Nigerians head to the polls this weekend to choose between incumbent President Goodluck Jonathan and challenger Muhammadu Buhari, and while the country's ongoing battle against Boko Haram dominates the political rhetoric and will likely sway many voters, an economic crisis looms --and neither candidate is outlining a solution.
The election's winner will face a major gap in funding, thanks to the tumbling price of oil, which accounts for the vast majority of Nigeria's public revenue. As crude prices continue to trend lower, the country's currency continues to weaken, and investors are losing confidence amid corruption allegations and the possibility of postelection violence. No matter who the new president is, these problems bode ill for Nigeria’s economic outlook this year.
“The economy remains heavily reliant on the oil sector, which is not likely to change postelection,” said Angus Downie, head of economic research at pan-African banking conglomerate Ecobank. “The impact arising from low global oil prices will remain the main issue for the authorities to tackle once the elections have taken place.”
Downie explained that Nigeria needs serious structural reforms to diversify the sources of government revenue. But this won’t come easy.
“There are various obstacles that would likely prevent them from being successfully implemented,” he said, noting that these range from weak economic policies to bottlenecks in infrastructure.
Fueled by massive crude reserves in the Niger Delta, Nigeria experienced exponential growth over the last decade and last year overtook South Africa as the largest economy on the continent. But the global oil price has fallen more than 50 percent in recent months, taking Nigeria’s currency with it.
Even when business was good, the economic benefits were not evenly distributed. More than a third of Nigerians still live below the poverty line, and youth unemployment has stayed relatively static at 17 percent, according to the World Bank. And as the naira continues to tumble, these problems have only been exacerbated.
As Nigerian Finance Minister Ngozi Okonjo-Iweala has outlined in a handful of speeches and interviews this year, the solution is to diversify the Nigerian economy beyond the oil sector. But making the shift isn’t easy. The 2.5 million barrels of oil produced every day account for roughly 90 percent of Nigeria’s foreign income and two-thirds of government revenue, according to Bloomberg.
“Major economic policies are likely to be short-term responses to Nigeria’s oil-induced fiscal shortfall rather than a strategic effort to cut waste or reform an economy that ranks among the world’s least competitive,” wrote Capital Economics Africa analyst John Ashbourne in a Wednesday report. “Neither candidate has a clear plan for tackling the economic impact of lower oil prices.”
If Jonathan, 57, is re-elected, analysts expect to see more of the same policies that got Nigeria into its current situation, coupled with widespread corruption. Nigeria currently ranks 136 out of 173 on Amnesty International’s Corruption Perceptions Index, tied with Russia, Iran and Kyrgyzstan. Last year, watchdogs criticized Jonathan’s decision to dismiss the central bank governor, Lamido Sanusi, after he penned a letter to the government about $20 billion in oil revenues that had not been accounted for.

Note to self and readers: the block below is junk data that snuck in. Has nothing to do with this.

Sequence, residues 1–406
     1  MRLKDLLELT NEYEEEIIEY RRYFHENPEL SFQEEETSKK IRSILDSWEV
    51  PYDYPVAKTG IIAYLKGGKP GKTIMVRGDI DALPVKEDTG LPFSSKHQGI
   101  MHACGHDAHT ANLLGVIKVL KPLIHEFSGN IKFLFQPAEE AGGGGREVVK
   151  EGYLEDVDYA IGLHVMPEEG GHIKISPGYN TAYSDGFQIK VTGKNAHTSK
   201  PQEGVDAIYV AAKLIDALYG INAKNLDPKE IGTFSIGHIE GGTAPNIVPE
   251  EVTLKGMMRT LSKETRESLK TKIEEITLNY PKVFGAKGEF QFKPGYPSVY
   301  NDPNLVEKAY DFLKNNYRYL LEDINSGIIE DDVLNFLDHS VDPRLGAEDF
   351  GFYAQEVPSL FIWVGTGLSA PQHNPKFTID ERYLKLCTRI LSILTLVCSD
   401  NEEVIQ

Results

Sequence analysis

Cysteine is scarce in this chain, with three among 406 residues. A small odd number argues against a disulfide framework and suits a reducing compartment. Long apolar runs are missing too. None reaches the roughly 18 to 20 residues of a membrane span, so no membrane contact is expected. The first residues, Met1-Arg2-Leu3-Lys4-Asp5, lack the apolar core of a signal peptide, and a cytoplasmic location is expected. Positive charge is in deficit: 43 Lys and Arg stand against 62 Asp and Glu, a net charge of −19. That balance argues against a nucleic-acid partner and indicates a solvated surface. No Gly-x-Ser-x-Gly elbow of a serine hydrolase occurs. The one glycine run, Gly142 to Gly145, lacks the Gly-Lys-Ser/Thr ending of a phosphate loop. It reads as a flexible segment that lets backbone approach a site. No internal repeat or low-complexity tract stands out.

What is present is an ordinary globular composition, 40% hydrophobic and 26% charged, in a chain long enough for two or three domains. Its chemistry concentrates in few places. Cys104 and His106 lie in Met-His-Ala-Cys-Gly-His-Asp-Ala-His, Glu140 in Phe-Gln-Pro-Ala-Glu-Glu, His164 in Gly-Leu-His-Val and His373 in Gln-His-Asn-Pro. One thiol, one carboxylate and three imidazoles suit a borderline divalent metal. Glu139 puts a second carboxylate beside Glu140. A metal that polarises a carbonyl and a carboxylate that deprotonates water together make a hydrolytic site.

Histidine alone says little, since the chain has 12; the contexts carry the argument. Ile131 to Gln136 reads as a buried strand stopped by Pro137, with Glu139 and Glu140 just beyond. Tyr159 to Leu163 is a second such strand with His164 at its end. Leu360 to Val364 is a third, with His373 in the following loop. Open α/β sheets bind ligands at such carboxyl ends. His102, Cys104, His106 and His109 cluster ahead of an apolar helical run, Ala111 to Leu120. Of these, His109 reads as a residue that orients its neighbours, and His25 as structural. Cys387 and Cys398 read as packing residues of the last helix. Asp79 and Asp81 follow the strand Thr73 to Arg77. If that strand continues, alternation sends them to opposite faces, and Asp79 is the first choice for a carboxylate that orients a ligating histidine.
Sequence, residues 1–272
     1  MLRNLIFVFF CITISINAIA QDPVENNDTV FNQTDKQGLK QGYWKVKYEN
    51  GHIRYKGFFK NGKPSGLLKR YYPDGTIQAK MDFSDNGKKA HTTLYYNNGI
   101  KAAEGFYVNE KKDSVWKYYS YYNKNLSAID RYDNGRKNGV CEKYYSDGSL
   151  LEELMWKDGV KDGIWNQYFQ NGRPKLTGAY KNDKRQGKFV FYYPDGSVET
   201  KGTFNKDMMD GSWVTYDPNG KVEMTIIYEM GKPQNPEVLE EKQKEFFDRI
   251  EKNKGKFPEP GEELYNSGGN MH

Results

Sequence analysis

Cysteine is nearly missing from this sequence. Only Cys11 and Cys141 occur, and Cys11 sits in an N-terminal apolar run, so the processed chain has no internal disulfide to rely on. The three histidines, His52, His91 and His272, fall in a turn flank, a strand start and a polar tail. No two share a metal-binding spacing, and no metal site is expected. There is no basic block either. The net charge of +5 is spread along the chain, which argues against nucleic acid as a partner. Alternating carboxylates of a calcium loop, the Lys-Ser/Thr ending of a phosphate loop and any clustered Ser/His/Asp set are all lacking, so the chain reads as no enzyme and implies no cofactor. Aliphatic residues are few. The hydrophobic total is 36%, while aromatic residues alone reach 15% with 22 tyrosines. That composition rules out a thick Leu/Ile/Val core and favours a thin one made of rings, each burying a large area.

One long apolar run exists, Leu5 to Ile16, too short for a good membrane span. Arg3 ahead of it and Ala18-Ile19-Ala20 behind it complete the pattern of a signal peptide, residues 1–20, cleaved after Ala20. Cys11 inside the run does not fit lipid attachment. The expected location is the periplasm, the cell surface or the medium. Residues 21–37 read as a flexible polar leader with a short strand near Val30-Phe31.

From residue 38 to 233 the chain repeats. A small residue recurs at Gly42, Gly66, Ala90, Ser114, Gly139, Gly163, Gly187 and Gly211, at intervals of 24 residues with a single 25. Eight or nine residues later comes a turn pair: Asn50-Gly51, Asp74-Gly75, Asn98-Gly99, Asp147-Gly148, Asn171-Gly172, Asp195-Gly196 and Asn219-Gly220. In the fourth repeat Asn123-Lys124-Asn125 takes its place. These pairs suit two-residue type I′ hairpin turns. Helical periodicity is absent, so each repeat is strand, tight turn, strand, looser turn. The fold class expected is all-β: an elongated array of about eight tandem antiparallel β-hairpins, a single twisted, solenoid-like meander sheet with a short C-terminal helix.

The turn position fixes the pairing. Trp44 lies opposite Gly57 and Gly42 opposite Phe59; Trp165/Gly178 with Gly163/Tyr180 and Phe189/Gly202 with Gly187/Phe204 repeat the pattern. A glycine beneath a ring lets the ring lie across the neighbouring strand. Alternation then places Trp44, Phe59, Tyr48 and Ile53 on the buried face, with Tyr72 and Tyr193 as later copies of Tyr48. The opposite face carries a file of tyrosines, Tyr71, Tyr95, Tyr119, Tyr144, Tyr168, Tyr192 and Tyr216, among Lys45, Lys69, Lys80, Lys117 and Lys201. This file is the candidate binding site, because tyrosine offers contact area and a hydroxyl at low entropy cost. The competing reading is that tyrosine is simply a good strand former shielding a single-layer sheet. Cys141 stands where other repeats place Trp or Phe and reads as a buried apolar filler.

“We expect that another term for President Jonathan would be marked by the inaction and policy drift that has characterised his time in office until now,” Ashbourne wrote.
On the other hand, former military ruler Buhari, 72, has gained popularity for his tough stance on security and his promises to weed out corruption.
“In reforming the economy, we will use savings that arise from blocking these leakages and the proceeds recovered from corruption to fund our party’s social investments programs,” Buhari said in a recent speech at Chatham House in London.
But even if he is elected and does manage to follow through on these promises, the transition won’t fix the economy overnight.
“It is certainly welcome that Mr. Buhari has focused his campaign on the pressing issues of tackling corruption and reforming the oil sector,” Ashbourne wrote, adding that making the change will be tough in the short term, as “more populist policies could strain Nigeria’s public finances and worry some foreign investors.”
The International Monetary Fund recently downgraded Nigeria’s economic growth forecast for 2015, predicting its GDP will increase by just 4.8 percent, down from 6.1 percent in 2014, and Standard & Poor’s reduced the country’s rating to B+, four levels below investment grade. S&P estimated that Nigeria’s current account surplus will become a deficit of roughly 1.8 percent for 2015-2018. Nigeria currently ranks 127 out of 144 countries on the World Economic Forum’s Global Competitiveness Index. According to the Financial Times, investors have pulled roughly $8 billion in portfolio investments out of the country in the run-up to elections, fearing instability.
It’s a logical prediction. Since the end of military rule in 1999, Nigerian elections have been fraught with unrest and even violence. When Jonathan was elected in 2011, at least 800 people were killed during postelection riots, according to Human Rights Watch. This year, tensions are running especially high due to the ongoing Boko Haram conflict in the northeast that has left thousands killed and millions displaced.
The situation is already escalating. Authorities have closed all borders to the country until after the election, and two Al Jazeera journalists were recently detained for “loitering” in the country’s unstable northeast.
Polls indicate that this presidential race may be the closest in Nigeria’s history. While the outcome is difficult to predict, there is no question that the winner faces a difficult year ahead.